It is evident that Phillip Noyce has not analysed the processes of apartheid with the same refinement that Tim Robbins has examined his character. Robbins is unsurprisingly brilliant, from his perfectly paced intensity to his Afrikaans accent. But the insistence of using white men from America to pull audiences when this country has world-class talent is shameful.
As for Noyce’s handling of South African actors, there’s the distinct feeling that they are over directed. The lead lady and man only really get to have an honest moment to shine at the end, when it’s already too late. Both for their characters, and for the viewer.
Starting out as self-consciously slow-paced and superficial soap opera in the first half, the film only scratches the surface of the brutal realities faced by apartheid’s subjects and does neither the truth nor the tale any justice. Thankfully, Noyce’s professionalism prevails as things hot up to the climax, which is admittedly as gripping and tear jerking as any well crafted formula film, so you can at least expect to be adequately entertained by the efforts.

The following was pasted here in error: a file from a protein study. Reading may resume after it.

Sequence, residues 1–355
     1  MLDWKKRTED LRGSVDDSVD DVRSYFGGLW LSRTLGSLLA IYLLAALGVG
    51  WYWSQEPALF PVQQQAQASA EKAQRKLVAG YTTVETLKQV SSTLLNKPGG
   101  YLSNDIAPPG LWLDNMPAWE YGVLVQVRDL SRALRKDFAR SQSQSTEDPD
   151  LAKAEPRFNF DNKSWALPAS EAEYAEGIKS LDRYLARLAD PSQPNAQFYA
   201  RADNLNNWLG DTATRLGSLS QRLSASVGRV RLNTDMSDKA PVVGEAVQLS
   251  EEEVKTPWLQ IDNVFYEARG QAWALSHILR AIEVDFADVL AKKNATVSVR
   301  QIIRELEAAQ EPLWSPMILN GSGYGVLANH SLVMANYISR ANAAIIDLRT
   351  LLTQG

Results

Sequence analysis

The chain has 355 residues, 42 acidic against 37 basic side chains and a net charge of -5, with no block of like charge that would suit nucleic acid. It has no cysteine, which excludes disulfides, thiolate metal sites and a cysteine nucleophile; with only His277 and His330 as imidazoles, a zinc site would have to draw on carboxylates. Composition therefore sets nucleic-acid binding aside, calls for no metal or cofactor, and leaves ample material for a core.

In its defence, Catch a Fire redeems itself a little at the end with a documentary-like postscript. Moving from fiction to fact, the real Patrick Chamusso meets the lead actor (Derek Luke), and they kick a soccer ball around in mutual appreciation of hard-won liberation. This doubling-up reveals more about Chamusso’s character in a few minutes than the tight directing let through the whole feature.
If Sting is right about history repeating itself, then we’d better try harder. It’s not too late to get over ourselves; so block your ears when the Die Stem resounds, and let’s tell it like it really is.
- Jess Henson
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